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Cutrone v. Mortgage Electronic Registration Systems, Inc.

United States Court of Appeals, Second Circuit

April 17, 2014

BRIAN CUTRONE AND JESSICA CERVONE, INDIVIDUALLY AND ON BEHALF OF ALL OTHERS SIMILARLY SITUATED, Plaintiffs-Appellees,
v.
MORTGAGE ELECTRONIC REGISTRATION SYSTEMS, INC., Defendant-Appellant

Argued April 1, 2014

Appeal from the United States District Court for the Eastern District of New York. No. 13 CV 3075 -- Eric N. Vitaliano, Judge. Appeal from an order of the United States District Court for the Eastern District of New York (Eric N. Vitaliano, Judge), holding the defendant-appellant's notice of removal untimely and remanding this putative class action to state court. We granted MERS's petition for permission to appeal the remand order and instructed the parties to address: (1) whether this Court's decision in Moltner v. Starbucks Coffee Co., 624 F.3d 34 (2d Cir. 2010) (per curiam), which held that the removal " clocks" of 28 U.S.C. § 1446(b) are not triggered until the plaintiff files a document that explicitly specifies the amount of damages sought, applies to actions removed under the Class Action Fairness Act of 2005 (" CAFA" ) and (2) whether a defendant may remove a case under CAFA if neither of the two 30-day periods set forth in 28 U.S.C. § § 1446(b)(1) and (b)(3) is triggered because the initial pleading and other documents are indeterminate with respect to removability but the defendant later asserts removability on the basis of its own investigation. We answer both questions in the affirmative. We hold that Moltner applies to cases removed pursuant to CAFA and that the defendant-appellant's notice of removal was timely. Accordingly, we VACATE the district court's order and REMAND.

CHARLES C. MARTORANA, Hiscock & Barclay, LLP, Buffalo, NY, for Defendant-Appellant.

ANDREW S. LOVE (Samuel H. Rudman, Mark S. Reich, William J. Geddish, Susan K. Alexander, on the brief), Robbins Geller Rudman & Dowd LLP, San Francisco, CA, and Melville, NY, for Plaintiffs-Appellees.

Before: WALKER, CHIN, and DRONEY, Circuit Judges.

OPINION

Page 138

Droney, Circuit Judge

Defendant-appellant Mortgage Electronic Registration Systems, Inc. (" MERS" ) appeals from an order of the United States District Court for the Eastern District of New York (Eric N. Vitaliano, Judge ) granting the motion of the putative class member plaintiffs-appellees (" plaintiffs" ), to remand this case to New York state court on the ground that MERS's notice of removal was untimely. The district court concluded that the plaintiffs' complaint contained sufficient information to put MERS on notice of the size of the putative class and amount in controversy to establish subject matter jurisdiction pursuant to 28 U.S.C. § 1332(d), and it held that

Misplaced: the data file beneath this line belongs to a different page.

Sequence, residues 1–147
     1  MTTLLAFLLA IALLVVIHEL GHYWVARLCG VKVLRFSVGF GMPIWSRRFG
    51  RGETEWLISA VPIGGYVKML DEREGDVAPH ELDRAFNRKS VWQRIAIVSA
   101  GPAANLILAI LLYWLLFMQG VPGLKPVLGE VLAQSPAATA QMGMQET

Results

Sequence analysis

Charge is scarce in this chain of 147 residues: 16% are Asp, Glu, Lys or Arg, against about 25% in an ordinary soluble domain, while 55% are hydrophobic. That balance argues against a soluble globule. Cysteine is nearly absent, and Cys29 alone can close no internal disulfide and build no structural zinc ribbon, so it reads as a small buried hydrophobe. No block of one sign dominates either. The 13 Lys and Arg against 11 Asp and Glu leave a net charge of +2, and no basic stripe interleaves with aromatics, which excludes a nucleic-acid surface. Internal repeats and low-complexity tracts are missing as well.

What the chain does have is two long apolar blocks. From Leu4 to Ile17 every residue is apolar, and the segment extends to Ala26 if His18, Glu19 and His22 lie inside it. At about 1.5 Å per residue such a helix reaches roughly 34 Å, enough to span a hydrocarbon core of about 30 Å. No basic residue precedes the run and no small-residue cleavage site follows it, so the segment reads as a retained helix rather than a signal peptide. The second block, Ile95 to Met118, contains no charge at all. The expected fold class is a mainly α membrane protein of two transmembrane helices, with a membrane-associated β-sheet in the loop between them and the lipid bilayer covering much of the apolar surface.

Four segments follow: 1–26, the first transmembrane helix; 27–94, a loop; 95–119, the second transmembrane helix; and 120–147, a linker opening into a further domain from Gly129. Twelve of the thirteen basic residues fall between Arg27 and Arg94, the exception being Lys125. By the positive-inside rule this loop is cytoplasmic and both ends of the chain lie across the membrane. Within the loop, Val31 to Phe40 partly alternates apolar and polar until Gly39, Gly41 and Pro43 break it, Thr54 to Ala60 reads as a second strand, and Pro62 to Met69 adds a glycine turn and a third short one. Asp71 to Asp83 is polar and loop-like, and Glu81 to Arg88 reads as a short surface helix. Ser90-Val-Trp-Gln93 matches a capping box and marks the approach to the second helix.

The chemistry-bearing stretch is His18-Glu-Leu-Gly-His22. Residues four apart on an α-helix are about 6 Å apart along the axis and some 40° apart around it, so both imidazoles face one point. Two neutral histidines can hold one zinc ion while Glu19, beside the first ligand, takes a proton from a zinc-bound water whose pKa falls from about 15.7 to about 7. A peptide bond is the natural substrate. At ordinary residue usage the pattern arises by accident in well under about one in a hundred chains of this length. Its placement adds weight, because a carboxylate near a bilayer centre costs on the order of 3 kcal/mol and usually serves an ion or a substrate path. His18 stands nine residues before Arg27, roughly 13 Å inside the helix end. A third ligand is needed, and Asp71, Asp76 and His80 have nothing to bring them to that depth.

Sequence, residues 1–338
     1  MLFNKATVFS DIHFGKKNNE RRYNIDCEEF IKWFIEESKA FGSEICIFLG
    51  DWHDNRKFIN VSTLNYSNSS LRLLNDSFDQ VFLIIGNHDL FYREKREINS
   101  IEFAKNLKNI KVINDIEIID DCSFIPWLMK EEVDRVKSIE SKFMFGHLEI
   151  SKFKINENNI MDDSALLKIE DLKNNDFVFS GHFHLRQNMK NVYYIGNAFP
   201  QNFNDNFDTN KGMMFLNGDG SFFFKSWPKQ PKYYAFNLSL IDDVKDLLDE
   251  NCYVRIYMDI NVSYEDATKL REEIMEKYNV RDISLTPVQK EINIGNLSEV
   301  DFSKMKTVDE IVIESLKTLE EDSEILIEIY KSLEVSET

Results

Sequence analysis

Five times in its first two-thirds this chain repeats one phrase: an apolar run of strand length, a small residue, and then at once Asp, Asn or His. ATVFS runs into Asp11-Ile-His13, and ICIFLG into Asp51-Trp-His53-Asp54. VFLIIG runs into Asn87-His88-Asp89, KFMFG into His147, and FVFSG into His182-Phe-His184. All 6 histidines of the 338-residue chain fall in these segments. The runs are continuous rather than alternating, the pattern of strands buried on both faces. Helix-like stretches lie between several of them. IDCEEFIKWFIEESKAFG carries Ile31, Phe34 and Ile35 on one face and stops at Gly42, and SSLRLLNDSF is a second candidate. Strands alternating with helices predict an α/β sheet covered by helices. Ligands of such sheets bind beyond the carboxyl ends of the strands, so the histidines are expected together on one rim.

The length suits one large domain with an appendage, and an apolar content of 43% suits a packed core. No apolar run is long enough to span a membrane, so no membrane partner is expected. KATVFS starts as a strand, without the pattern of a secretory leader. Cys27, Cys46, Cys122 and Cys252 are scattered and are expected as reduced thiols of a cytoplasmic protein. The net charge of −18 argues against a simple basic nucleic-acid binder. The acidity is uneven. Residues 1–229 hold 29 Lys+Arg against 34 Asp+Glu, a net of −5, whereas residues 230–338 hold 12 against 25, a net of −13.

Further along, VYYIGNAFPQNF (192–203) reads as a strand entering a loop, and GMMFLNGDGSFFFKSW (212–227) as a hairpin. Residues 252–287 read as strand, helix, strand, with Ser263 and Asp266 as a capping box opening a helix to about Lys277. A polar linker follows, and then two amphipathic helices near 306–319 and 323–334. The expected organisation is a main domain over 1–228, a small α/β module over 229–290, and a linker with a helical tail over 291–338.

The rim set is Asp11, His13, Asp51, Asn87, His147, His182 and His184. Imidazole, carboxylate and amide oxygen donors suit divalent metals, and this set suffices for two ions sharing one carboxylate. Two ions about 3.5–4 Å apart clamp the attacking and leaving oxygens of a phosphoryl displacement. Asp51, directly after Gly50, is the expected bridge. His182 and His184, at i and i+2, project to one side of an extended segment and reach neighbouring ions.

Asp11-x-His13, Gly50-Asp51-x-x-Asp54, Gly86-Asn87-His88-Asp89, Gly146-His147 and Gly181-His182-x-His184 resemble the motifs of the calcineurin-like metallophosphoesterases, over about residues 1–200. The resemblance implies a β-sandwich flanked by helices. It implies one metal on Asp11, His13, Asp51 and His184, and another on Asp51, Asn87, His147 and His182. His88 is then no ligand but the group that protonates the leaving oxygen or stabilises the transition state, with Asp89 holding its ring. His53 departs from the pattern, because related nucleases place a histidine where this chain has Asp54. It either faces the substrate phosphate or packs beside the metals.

Page 139

MERS's notice of removal, filed more than 30 days after receipt of the complaint, was therefore untimely under 28 U.S.C. § 1446(b)(1).

We reverse and hold that, in Class Action Fairness Act (" CAFA" ) cases, the 30-day removal periods of 28 U.S.C. § § 1446(b)(1) and (b)(3) are not triggered until the plaintiff serves the defendant with an initial pleading or other paper that explicitly specifies the amount of monetary damages sought or sets forth facts from which an amount in controversy in excess of $5,000,000 can be ascertained. We also hold that where a plaintiff's papers fail to trigger the removal clocks of 28 U.S.C. § § 1446(b)(1) and (b)(3), a defendant may remove a case when, upon its own independent investigation, it determines that the case is removable; thus, the 30-day removal periods of 28 U.S.C. § § 1446(b)(1) and (b)(3) are not the exclusive authorizations for removal in CAFA cases.

Here, neither the plaintiffs' initial complaint nor their response to MERS's demand for a bill of particulars in the state court explicitly specified the amount of damages sought or provided MERS with sufficient information to conclude the threshold amount in controversy was satisfied. The named plaintiffs' identification of their damages ($6,835.20) and their allegation that the potential class " includes hundreds, and likely thousands, of persons and entities," were not adequate to trigger the 30-day removal periods of 28 U.S.C. § § 1446(b)(1) and (b)(3). We also hold that MERS properly filed its notice of removal after determining upon its own investigation that the amount in controversy, number of plaintiffs, and diversity between itself and at least one plaintiff class member satisfied the CAFA subject matter jurisdictional requirements set forth in 28 U.S.C. § 1332(d). We accordingly VACATE the order of the district court and REMAND.